But with an un­pre­dict­able Trump as­sum­ing the role of com­mand­er-in-chief, War­ren may be most ef­fect­ive serving broadly as a check on his ad­min­is­tra­tion.

“The ques­tion for her is really less on push­ing one is­sue, and it’s more mak­ing a sig­ni­fic­ant con­tri­bu­tion to the broad­er de­bate,” Wright said. “So I think that’s really what her role will prob­ably be, is to be one of the more out­spoken Demo­crats on na­tion­al se­cur­ity is­sues in gen­er­al, par­tic­u­larly giv­en that we’re in for a very volat­ile peri­od.”

War­ren’s al­lies also hope that she will take on this role, and think she can ap­ply her pop­u­list eco­nom­ic views to for­eign af­fairs.

“We need a strong check and bal­ance, and no one is bet­ter at en­sur­ing we’re not rig­ging the game for big in­ter­na­tion­al cor­por­a­tions in our for­eign policy than Eliza­beth War­ren,” said Adam Green, the cofounder of the Pro­gress­ive Change Cam­paign Com­mit­tee, which urged War­ren to run for pres­id­ent in 2016.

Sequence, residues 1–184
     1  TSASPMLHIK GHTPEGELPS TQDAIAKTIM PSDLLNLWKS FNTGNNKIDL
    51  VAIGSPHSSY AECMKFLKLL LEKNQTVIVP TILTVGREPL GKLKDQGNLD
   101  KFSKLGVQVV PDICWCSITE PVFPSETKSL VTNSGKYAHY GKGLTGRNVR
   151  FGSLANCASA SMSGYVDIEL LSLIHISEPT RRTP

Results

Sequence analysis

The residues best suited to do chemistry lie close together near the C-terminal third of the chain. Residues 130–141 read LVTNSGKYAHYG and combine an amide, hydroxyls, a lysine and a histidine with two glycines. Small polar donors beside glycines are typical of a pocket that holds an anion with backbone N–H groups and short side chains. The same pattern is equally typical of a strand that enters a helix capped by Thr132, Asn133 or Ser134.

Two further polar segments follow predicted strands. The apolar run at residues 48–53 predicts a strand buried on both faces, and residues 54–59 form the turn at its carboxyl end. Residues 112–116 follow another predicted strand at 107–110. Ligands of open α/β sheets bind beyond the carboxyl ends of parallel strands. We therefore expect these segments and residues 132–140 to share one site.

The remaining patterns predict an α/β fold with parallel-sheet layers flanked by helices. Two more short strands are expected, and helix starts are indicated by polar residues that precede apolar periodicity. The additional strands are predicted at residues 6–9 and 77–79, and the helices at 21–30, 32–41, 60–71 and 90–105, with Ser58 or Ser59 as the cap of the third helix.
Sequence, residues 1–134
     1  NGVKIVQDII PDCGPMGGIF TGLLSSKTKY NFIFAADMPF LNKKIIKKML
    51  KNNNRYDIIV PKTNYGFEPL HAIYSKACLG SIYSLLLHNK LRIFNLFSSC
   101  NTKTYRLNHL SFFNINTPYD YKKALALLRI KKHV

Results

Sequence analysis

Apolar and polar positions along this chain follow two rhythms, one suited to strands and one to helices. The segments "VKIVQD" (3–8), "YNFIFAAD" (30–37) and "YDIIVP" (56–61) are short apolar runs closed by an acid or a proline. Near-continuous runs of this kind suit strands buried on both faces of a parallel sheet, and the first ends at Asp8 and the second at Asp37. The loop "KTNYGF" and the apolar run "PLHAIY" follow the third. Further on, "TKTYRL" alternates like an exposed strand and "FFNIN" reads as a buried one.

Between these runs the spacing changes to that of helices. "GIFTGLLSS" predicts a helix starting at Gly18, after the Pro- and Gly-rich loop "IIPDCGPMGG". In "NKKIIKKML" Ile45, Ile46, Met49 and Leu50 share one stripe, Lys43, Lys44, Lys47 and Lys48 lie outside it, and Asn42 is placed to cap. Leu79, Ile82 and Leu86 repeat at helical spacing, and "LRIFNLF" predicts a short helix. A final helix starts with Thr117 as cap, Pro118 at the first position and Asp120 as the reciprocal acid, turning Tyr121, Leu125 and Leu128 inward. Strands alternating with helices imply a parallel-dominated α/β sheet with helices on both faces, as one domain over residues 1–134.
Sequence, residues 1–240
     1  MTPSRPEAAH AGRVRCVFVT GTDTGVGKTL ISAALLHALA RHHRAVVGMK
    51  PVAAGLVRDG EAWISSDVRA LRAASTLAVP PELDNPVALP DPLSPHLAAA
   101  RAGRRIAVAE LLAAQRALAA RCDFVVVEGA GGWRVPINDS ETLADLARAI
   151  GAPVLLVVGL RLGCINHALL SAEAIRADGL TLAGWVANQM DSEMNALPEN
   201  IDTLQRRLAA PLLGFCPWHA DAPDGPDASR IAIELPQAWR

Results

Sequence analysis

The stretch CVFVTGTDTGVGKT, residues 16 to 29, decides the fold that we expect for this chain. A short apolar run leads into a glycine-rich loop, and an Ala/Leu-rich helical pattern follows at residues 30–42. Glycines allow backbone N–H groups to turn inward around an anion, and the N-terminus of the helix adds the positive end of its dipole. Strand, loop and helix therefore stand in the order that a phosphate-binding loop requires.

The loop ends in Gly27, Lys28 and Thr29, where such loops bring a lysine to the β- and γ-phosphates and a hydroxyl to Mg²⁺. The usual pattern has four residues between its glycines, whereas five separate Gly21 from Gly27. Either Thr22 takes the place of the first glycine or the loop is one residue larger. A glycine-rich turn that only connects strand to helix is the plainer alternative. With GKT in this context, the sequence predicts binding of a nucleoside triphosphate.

As Pres­id­ent Obama and Hil­lary Clin­ton take a step back from the polit­ic­al spot­light, Demo­crats are without a clear lead­er on for­eign policy. Tim Kaine, Chris Murphy, and Gil­librand all serve on either the Armed Ser­vices or For­eign Re­la­tions com­mit­tees (or both, in Kaine’s case). Cory Book­er will also join the For­eign Re­la­tions Com­mit­tee. Any of these sen­at­ors, War­ren in­cluded, could fill that void in the new year.

“There is a little bit of a va­cu­um, par­tic­u­larly giv­en that the Demo­crats are leav­ing and the Re­pub­lic­an ad­min­is­tra­tion is com­ing in,” Wright said. “This is a sign that she is step­ping up to the plate to fill that va­cu­um.”